Indistinguishable from the governmental entity at the center of a growing clout-abuse scandal, the UT Law School Foundation is taking a curious tone of defensiveness one would not expect from lawyers: ‘We didn’t do anything wrong and we won’t do it again.’

Two weeks ago, the foundation’s public relations team began circulating what was allegedly an open-letter to me and Texans for Fiscal Responsibility. I use “allegedly” because the UT Law School Foundation didn’t actually get me a copy until three days AFTER the media started calling us about it.

Media entities around the nation have for months been reporting on the mounds of evidence that a small band of liberal Texas legislators (from both parties) have used their influence to get otherwise under-qualified kids admitted into the University of Texas and its law school. Add to that a financial malfeasance scandal involving gifts to UT being misreported so as to game national ratings systems.

Meanwhile, it has been well documented that the former dean of the UT Law School, Larry Sager, was forced to resign over a payola scandal involving undocumented payments and forgivable loans made to favored staff members out of the UT Law School Foundation coffers.

As was reported by the Texas Tribune, the foundation “program was terminated” after a UT investigation found it was “not appropriate.” The law foundation’s PR machine defends the payouts as a common practice. (Kind of like breaking out a back window is “common practice” among burglars, I guess.)

Just because all the other law schools are jumping off of a cliff, does that mean Texans want ours to do it also?

Giving the UT Law School Foundation a more professional treatment, I mailed a letter to them earlier today via certified mail responding to their PR stunt. (A PDF of my letter and a redacted copy of my certified mail receipt can be downloaded here.)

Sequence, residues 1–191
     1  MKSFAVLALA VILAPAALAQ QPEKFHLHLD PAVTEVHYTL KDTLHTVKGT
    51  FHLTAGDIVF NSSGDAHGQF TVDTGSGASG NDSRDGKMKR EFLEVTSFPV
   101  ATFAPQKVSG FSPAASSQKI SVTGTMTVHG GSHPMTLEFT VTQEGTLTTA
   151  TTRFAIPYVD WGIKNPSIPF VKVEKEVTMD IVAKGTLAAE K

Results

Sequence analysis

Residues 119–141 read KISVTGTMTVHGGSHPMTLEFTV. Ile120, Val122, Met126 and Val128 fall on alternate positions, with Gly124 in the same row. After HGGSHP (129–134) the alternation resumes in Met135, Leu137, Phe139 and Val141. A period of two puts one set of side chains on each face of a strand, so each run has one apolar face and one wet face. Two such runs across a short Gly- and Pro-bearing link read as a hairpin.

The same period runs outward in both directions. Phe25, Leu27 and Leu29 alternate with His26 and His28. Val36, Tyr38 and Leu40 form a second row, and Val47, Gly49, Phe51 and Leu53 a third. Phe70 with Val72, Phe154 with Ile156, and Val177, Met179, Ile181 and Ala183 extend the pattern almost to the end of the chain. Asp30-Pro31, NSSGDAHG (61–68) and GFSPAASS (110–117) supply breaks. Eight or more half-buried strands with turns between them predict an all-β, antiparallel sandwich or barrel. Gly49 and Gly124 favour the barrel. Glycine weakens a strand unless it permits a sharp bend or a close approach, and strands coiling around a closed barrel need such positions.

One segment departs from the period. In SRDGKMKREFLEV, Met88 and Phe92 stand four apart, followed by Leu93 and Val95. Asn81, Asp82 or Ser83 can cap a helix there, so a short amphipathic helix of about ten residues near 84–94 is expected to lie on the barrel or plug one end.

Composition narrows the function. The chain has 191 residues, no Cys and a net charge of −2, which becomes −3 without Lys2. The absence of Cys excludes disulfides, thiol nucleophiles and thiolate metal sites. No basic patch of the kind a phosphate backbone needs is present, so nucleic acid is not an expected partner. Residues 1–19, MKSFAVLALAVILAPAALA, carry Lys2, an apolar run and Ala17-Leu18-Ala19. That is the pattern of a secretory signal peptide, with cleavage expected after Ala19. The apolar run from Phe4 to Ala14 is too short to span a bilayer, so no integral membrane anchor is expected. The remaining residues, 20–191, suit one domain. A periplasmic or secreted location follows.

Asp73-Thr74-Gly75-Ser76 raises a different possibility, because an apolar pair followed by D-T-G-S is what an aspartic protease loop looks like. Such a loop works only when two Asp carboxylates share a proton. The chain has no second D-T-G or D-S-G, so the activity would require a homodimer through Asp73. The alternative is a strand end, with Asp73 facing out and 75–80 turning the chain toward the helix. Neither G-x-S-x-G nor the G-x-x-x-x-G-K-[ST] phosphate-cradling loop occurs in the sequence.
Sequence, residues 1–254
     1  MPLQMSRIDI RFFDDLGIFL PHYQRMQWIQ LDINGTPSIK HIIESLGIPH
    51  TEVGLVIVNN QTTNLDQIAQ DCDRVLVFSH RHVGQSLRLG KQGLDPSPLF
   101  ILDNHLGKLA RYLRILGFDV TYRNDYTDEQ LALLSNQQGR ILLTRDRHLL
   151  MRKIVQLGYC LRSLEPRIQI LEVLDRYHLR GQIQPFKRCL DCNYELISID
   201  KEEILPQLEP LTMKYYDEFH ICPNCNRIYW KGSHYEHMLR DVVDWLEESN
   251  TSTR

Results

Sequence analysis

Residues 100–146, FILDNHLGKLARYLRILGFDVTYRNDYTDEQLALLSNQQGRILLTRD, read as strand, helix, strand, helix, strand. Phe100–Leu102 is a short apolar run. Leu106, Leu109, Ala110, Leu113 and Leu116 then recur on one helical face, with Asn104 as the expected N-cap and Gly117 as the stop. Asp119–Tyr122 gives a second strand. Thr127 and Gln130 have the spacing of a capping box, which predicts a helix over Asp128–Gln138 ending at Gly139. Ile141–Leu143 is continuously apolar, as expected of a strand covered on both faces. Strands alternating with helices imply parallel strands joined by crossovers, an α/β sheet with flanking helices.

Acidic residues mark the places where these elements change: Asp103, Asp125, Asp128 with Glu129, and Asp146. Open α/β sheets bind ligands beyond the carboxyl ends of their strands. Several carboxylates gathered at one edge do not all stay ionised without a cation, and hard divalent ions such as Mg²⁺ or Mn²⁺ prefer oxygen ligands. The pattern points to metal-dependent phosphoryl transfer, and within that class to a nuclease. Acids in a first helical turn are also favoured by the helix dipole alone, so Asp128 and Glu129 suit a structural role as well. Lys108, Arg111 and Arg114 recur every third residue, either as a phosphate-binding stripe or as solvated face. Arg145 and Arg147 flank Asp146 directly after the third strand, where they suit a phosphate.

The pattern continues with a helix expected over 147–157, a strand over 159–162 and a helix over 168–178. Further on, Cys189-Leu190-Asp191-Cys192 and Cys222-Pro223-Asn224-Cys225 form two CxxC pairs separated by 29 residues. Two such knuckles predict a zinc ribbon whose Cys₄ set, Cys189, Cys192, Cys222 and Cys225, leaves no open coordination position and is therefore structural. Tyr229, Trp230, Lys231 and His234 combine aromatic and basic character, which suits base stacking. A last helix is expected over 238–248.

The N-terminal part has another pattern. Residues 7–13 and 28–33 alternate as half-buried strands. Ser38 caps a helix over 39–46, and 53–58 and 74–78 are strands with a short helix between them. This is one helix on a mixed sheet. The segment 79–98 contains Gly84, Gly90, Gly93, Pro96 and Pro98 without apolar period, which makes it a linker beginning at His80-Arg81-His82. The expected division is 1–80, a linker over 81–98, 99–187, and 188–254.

Bottom-line: they want us to retract our description of their role in the payola scheme. So that we can consider their request, they now just need to make available for our review all the copies of all the documents they provided in the various investigations (current and past). That will allow us to make an independent, goodwill determination of their role and our description of it.

Here is the text of my reply:

An Open Response To The UT Law School Foundation.

June 30, 2014

John H. Massey
Robin C. Gibbs
Vice President
University of Texas Law School Foundation
727 East Dean Keeton Street
Austin, Texas, 78705

Dear Mr. Massey and Mr. Gibbs,

Thank you for your letter expressing your concerns about our framing of the issues of financial malfeasance and corruption within the leadership of the University of Texas. I am sure you will agree that a small group of legislators and University officials leading the charge to impeach a regent for fulfilling his constitutional obligations is a stain on the reputation of all Texans.

Your letter was sent to the media three full days before it arrived at my office. For as bad as the USPS can be, I think we both agree it is more likely that your PR firm simply forgot to mail the letter. In fact, the copy of the letter that I did finally receive was not an original letter, but was instead a color print-out of the PDF to which I had already been referred by members of the media and did not appear to contain your original signatures.